The airship I am working on now has two nozzles I was calling rockets.  Maybe they are EM drives? Shocked
Logged
J. Wilhelm
╬ Admiral und Luftschiffengel ╬
Board Moderator
Immortal
**
United States United States


Sentisne fortunatum punkus? Veni. Diem meum comple


WWW
« Reply #119 on: August 20, 2015, 07:25:52 pm »

Here's a little grist for the fantasy mill, from yesterday's Hack A Day:

The EM Drive Might Not Work, but We Get Helicarriers If It Does


Since my training in engineering is all based in classical physics, including Electro Magnetic wave theory, which was well developed by the end of the 19th C, then every fibre of my being says this drive cannot work.  Explaining how the large end of the can has a larger force than the small end also sounds bogus at first glance, since I tend to think about force as pressure multiplied by area, acting perpendicular to the surface.

In this case the pressure is for the momentum of photons hitting the walls inside the can (electromagnetic waves <=> photons, duality of matter and energy)

In other words, the angled walls of the can also produce a force, albeit smaller, due to the angle That is why turbine and jet engines -while being basically a just a tube with combusting gases- can produce any thrust at all. The non-straight shape of the tube (and rotor blades) actually provides a "cross sectional area that can be "pushed" by the pressure to move the cylinder forward, yes?  Actually this is a PhD candidate's question for oral exams...  

There must be some axial component of the force acting in the direction of thrust.  How do these dudes make out to have a pressure differential? Not so, according to Isaac Newton and Einstein.

The explanation most likely lies in quantum mechanics, and the effect is basically a "microscopic universe" type of physics...  

So is this something best explained by wave functions? Which basically are probability distributions for finding a photon?  A probability drive?  An Improbability drive must be around the corner  Grin


If they can explain how it works it'd be awesome...  But 30kN per kilowatt?  Who said that?
« Last Edit: August 20, 2015, 07:38:32 pm by J. Wilhelm » Logged
GCCC
Zeppelin Admiral
******
United States United States


« Reply #120 on: August 20, 2015, 08:49:00 pm »

Regardless if it works or not, at least they had the decency to make it look vaguely Steampunk...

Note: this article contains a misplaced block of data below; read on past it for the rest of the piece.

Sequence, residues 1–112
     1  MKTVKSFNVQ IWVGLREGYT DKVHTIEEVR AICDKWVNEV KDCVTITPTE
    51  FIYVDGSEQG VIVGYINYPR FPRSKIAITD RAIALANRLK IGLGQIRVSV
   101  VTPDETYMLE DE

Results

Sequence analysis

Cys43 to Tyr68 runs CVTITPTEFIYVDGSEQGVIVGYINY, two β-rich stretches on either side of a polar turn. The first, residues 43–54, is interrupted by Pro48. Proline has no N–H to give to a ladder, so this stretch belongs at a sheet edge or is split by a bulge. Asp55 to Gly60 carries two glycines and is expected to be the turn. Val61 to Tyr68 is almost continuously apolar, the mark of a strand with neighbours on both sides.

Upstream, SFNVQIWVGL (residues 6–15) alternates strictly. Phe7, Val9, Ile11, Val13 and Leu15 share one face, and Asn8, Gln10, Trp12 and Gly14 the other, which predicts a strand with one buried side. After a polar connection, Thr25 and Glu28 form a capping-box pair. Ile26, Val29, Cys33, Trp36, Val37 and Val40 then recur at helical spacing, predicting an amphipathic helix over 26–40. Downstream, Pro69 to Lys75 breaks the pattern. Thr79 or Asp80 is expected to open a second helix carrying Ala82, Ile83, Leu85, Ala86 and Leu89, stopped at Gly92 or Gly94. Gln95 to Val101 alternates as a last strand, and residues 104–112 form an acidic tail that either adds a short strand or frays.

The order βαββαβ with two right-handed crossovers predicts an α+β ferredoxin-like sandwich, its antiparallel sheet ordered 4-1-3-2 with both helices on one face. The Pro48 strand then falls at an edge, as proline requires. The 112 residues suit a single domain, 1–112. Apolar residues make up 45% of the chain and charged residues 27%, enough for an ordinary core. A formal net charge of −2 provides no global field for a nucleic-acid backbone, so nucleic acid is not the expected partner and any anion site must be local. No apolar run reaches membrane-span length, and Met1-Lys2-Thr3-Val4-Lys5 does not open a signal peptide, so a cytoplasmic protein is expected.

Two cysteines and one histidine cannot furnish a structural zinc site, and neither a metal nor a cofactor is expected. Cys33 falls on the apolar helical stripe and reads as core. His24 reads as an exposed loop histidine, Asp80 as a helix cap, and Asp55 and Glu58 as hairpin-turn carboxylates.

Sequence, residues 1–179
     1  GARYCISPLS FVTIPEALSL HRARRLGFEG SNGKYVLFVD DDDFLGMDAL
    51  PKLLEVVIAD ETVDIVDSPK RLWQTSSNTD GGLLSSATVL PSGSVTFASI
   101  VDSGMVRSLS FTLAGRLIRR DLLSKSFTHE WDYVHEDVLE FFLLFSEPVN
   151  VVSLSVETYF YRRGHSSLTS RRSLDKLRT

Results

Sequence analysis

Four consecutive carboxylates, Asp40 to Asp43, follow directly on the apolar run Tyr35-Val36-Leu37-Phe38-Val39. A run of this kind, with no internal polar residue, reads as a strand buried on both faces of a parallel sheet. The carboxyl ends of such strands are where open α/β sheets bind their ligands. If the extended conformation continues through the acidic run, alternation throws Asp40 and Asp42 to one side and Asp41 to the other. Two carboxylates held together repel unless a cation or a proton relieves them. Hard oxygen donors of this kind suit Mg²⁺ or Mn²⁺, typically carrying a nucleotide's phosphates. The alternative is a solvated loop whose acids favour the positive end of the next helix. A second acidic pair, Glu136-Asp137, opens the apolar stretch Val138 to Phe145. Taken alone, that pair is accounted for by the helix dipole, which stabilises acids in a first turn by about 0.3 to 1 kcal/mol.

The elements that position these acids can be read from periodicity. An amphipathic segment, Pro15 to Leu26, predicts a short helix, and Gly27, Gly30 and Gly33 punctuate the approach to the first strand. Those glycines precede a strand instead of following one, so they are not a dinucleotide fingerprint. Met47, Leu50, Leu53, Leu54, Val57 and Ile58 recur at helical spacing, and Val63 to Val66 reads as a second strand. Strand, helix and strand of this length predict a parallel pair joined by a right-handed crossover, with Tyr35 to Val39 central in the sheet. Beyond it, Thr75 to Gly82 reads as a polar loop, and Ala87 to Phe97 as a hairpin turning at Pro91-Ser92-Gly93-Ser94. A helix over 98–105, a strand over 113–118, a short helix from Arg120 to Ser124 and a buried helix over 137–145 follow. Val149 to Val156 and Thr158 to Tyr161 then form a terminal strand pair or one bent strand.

I'm guessing that's copper? Needs gauges and tubing, 'though, and one of those flywheel things...
Logged
Peter Brassbeard
Zeppelin Captain
*****
United States United States



« Reply #121 on: August 21, 2015, 04:34:35 pm »

Since my training in engineering is all based in classical physics, including Electro Magnetic wave theory, which was well developed by the end of the 19th C, then every fibre of my being says this drive cannot work.  Explaining how the large end of the can has a larger force than the small end also sounds bogus at first glance, since I tend to think about force as pressure multiplied by area, acting perpendicular to the surface.

I think we can say with confidence that if EM drive does work it topples at least one of conservation of energy or relativity theory.  And serious damage to our understanding of electromagnetism.
Logged
Banfili
Zeppelin Captain
*****
Australia Australia



« Reply #122 on: August 22, 2015, 03:45:09 am »

Do you know I'm starting to be even gladder than I was at the time (2010) when I did physics at uni - I am understanding this thread!  Grin
Logged
GCCC
Zeppelin Admiral
******
United States United States


« Reply #123 on: August 22, 2015, 05:26:18 am »


https://pbs.twimg.com/profile_images/2511431080/olzckk6xrgq9rauqn0qa.jpeg

Well, obviously this is the logo for their site, but if it were a functional aeroship...

Would the winds running across the strings make music? Or would there be a mechanical control, either like a player piano or an actual musician manipulating some sort of controller that translates their playing to the exterior strings?

What would you think this vessel is used for...?
Logged
Caledonian
Zeppelin Admiral
******
Netherlands Netherlands


the dragon's called Salmacis


« Reply #124 on: August 22, 2015, 08:06:12 am »


https://pbs.twimg.com/profile_images/2511431080/olzckk6xrgq9rauqn0qa.jpeg

Well, obviously this is the logo for their site, but if it were a functional aeroship...

Would the winds running across the strings make music? Or would there be a mechanical control, either like a player piano or an actual musician manipulating some sort of controller that translates their playing to the exterior strings?

What would you think this vessel is used for...?

Perhaps the same way as armies marching bands!
Logged
Pages: 1 2 3 4 [5] 6   Go Up
  Print  
 
Jump to:  

Powered by MySQL Powered by PHP Powered by SMF 1.1.20 | SMF © 2013, Simple Machines Valid XHTML 1.0! Valid CSS!
Page created in 0.336 seconds with 16 queries.